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Why we should reconsider “Reloading!” in a gunfight

Conditioning our students to reflexively announce that their gun has run dry in the middle of a gunfight might be a dangerous habit to be avoided, at least in certain situations

We’re imitators. I’m not just talking about law enforcement — I’m talking about all humans. Our earliest ancestors took note of what worked, what got results, and/or what appealed to them, and they imitated it. When the first saber-toothed cat got poked with a sharp stick and went down, early man paid attention and copied the action. When the first man-made fire was started, early man paid attention and copied the action. Mankind knew there was “no need to reinvent the wheel” long before the wheel was ever invented.

We’re just as likely as our ancient predecessors to copy the actions, styles, language, and appearance of those who do things in a way that gets results and/or appeals to us. Nobody is immune to it — not even law enforcement officers.

I recently attended a law enforcement firearms instructor course and I heard officers from a number of different agencies calling out “Reloading!” or “I’m down!” as they ran their guns to slide lock. They then dutifully followed up with verbal progress reports that indicated they were back in service with topped-off weapons. Let’s give some thought to those methods of tactical communications.

Sometimes, Life Imitates Art
Cops everywhere were scrambling to find .44 Magnum revolvers after the “Dirty Harry” movies hit theaters, and after “Miami Vice” made a splash on TV, everyone needed a shoulder holster. When “NYPD Blue” became popular, even ‘cow town’ cops started talking about “perps” and “wise guys.”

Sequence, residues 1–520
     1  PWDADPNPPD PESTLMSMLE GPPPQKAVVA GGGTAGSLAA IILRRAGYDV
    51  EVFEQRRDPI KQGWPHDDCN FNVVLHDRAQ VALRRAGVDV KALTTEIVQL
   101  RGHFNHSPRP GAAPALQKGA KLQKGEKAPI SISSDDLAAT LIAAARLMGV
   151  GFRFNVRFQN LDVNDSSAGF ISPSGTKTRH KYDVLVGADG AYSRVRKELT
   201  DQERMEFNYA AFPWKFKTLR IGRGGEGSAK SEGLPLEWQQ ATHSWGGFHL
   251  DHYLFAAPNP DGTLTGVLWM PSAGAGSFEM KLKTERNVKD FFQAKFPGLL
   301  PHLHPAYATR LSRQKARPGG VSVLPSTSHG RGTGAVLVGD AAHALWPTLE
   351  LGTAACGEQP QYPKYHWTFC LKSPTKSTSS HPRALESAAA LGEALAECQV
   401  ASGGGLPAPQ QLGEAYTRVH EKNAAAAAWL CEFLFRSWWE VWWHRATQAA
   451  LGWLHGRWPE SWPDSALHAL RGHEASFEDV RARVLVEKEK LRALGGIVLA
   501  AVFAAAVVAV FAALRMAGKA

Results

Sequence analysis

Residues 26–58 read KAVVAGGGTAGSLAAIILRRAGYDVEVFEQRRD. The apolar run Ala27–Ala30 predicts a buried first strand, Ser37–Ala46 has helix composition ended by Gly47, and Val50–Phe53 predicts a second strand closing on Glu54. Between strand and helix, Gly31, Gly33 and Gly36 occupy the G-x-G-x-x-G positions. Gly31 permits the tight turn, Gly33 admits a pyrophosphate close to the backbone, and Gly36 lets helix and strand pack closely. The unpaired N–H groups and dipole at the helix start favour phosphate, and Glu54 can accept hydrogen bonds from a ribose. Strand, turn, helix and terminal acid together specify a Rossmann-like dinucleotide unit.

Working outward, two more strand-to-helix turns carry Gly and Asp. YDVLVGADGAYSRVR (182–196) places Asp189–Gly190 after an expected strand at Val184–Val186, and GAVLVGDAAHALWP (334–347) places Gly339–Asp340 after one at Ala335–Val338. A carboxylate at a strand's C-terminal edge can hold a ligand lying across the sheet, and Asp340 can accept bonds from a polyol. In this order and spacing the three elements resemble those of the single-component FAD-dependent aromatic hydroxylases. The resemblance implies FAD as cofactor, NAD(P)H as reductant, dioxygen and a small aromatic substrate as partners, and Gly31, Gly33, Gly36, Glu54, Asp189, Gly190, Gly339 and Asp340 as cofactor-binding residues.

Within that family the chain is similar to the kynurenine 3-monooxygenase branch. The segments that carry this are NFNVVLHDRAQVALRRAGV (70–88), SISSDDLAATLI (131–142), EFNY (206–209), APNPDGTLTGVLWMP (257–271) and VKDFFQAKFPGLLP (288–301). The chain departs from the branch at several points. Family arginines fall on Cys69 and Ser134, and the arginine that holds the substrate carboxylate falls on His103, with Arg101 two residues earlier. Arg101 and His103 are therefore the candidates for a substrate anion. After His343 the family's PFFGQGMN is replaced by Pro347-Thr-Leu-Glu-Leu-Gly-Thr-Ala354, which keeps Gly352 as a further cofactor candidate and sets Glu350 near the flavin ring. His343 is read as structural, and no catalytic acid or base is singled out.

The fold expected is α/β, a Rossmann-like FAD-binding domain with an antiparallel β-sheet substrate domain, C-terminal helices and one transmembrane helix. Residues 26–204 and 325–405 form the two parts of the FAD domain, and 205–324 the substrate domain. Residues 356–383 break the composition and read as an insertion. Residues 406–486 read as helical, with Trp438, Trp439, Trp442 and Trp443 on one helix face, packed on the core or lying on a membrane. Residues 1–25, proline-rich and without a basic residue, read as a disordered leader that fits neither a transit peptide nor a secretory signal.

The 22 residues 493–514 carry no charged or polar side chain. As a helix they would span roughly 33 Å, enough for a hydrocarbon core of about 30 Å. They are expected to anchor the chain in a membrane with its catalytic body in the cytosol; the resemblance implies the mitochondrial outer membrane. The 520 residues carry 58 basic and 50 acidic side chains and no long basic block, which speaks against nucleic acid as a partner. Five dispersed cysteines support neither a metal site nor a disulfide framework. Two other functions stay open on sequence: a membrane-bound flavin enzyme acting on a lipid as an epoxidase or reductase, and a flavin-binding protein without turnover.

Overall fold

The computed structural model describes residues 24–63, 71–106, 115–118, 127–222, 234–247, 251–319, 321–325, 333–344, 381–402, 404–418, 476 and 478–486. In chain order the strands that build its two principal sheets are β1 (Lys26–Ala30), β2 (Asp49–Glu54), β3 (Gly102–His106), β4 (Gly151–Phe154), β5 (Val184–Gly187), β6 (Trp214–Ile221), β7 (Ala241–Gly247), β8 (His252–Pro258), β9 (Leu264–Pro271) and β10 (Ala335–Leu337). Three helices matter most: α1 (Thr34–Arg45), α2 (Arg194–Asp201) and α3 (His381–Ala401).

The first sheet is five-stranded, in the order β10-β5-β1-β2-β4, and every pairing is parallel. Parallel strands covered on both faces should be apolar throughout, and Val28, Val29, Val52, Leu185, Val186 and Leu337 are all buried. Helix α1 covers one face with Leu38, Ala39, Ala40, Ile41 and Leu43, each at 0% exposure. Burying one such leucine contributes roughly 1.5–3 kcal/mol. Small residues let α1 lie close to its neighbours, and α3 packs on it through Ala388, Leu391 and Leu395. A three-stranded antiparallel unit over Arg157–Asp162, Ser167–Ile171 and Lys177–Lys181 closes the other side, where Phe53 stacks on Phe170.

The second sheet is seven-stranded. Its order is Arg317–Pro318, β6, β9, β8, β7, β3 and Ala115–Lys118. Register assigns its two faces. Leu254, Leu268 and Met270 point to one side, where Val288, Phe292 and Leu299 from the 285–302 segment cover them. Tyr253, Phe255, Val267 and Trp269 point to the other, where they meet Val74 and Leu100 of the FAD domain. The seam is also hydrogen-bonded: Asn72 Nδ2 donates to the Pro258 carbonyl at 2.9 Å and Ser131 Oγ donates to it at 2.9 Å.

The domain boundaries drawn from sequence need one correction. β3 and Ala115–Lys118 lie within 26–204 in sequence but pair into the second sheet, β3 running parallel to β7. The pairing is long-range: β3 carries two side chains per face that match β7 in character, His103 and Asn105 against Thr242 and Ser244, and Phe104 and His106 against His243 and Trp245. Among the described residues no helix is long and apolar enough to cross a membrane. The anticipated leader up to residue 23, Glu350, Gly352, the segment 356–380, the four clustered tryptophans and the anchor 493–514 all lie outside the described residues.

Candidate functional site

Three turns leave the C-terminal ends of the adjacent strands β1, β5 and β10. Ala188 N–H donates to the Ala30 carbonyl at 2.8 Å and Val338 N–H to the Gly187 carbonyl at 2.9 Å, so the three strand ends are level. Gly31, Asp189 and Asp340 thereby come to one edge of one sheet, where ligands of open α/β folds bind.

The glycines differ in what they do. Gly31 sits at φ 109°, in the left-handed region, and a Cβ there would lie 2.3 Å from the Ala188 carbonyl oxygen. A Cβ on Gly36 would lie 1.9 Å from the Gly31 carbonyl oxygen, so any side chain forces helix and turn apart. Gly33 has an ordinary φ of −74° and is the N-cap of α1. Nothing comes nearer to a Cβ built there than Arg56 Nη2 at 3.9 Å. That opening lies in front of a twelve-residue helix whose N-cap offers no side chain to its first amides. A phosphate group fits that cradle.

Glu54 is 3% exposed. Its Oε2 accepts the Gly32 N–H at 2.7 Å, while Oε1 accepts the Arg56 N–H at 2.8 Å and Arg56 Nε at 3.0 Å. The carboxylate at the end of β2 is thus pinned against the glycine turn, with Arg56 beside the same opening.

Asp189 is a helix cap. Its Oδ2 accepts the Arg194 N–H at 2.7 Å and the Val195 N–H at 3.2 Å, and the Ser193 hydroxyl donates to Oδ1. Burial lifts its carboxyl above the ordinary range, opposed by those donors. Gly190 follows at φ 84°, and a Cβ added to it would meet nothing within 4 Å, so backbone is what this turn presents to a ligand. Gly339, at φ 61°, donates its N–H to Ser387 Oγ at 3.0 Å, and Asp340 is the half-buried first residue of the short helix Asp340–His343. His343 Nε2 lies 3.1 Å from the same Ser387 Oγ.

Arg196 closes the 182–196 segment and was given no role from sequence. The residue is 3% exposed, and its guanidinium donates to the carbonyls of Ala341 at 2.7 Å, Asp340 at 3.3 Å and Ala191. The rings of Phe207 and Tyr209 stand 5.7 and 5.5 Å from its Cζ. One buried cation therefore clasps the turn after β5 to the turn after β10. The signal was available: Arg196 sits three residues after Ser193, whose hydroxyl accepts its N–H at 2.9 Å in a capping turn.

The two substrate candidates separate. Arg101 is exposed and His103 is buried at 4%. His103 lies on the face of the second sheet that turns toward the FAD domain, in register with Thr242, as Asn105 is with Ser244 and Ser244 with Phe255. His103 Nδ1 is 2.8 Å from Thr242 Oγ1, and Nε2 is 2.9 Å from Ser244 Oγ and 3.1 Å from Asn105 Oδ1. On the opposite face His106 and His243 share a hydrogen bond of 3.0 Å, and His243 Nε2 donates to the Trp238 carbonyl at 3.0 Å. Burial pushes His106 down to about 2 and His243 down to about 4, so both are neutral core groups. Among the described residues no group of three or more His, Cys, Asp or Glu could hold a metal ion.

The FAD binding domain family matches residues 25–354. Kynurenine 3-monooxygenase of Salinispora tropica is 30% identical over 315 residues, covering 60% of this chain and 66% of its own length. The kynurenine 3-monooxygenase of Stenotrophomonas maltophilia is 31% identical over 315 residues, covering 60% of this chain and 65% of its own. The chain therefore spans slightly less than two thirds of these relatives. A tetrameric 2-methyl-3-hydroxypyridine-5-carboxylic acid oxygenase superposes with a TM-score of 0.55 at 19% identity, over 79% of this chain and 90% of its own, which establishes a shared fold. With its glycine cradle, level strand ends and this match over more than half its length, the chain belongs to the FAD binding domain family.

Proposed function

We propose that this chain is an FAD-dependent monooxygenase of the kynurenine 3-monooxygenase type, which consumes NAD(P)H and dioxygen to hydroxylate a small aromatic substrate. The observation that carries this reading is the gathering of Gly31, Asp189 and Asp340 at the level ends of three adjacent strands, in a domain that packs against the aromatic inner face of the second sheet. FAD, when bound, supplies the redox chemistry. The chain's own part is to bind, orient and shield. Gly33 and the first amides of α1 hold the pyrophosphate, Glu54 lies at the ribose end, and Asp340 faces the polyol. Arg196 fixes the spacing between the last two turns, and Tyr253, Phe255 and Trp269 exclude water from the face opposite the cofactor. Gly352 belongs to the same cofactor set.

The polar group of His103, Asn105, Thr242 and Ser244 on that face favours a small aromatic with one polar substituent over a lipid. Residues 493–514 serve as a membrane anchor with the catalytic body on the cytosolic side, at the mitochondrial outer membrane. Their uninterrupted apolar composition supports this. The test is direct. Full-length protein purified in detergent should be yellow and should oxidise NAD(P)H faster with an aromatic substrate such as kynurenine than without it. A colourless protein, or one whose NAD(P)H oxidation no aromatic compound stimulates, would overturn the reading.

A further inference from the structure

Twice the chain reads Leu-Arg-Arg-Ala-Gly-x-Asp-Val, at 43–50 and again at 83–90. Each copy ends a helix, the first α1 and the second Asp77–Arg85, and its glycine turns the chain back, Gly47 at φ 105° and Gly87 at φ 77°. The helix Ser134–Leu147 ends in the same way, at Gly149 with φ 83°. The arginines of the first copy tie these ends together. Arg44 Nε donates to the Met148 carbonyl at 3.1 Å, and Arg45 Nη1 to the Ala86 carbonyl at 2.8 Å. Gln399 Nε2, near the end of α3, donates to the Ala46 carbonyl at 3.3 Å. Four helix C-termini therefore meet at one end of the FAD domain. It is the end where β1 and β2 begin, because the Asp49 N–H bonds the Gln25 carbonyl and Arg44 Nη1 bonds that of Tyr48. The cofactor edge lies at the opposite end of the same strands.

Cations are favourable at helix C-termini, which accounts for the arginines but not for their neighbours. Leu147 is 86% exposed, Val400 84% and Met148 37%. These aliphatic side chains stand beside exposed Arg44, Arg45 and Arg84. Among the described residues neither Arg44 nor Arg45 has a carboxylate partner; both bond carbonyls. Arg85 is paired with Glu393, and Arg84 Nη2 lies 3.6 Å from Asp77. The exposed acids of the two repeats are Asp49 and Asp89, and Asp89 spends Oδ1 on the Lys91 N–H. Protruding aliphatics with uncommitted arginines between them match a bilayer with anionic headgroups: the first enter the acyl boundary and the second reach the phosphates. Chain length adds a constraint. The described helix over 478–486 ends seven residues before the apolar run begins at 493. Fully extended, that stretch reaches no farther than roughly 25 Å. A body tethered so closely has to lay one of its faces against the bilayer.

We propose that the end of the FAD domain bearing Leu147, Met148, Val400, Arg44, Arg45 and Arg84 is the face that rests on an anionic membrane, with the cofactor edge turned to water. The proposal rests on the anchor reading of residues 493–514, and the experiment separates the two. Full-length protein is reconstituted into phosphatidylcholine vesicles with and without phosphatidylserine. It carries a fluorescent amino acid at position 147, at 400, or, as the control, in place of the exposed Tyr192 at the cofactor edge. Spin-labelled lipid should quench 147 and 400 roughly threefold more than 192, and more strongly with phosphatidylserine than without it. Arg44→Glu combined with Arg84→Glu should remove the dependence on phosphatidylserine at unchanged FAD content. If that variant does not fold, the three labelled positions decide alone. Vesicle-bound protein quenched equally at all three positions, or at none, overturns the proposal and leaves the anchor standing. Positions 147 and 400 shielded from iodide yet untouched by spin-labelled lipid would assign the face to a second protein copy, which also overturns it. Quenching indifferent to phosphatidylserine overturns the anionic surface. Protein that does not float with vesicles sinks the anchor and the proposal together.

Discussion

I think the motion picture “Blackhawk Down” got large numbers of people using that “Reloading!” and “Covering!” style of tactical communication. In the Ridley Scott film, Shughart and Gordon used this communication method as they valiantly battled an armed Somali mob that soon overwhelmed their position.

Although the technique had been used in military circles for some time, it hadn’t been seen by “the masses” until that movie. The fact that the technique was used by elite personnel such as the Delta Force soldiers made it very appealing.

Before long, it was being taught all over the place, including in law enforcement academies and commercial shooting schools (frequently managed by former military personnel, who naturally passed on what they had been taught as soldiers).

Street cops, SWAT team personnel, concealed weapons carriers, and even garden-variety home defenders were all being taught to vocalize their ready and weapons status in the middle of combat.

It all looked and sounded very sexy and tactical.

But was it a good idea?

Small-Unit Tactics vs. Single-Officer Tactics
We need to remember that this technique has its roots in military circles, where there is an underlying assumption that personnel will be fighting as one member of a much larger group. These personnel are trained in small unit tactics from the very beginning, and are taught how to fire and maneuver as part of a group.

They are deployed and utilized as a unit, not as individuals, so it’s presumed that if one member announces they are “reloading” in the middle of a fight, another nearby member will be able to provide temporary assistance (often from a belt-fed weapon or shoulder fired weapon with a large magazine capacity that ensures they won’t be empty, also) until that soldier gets back in the fight.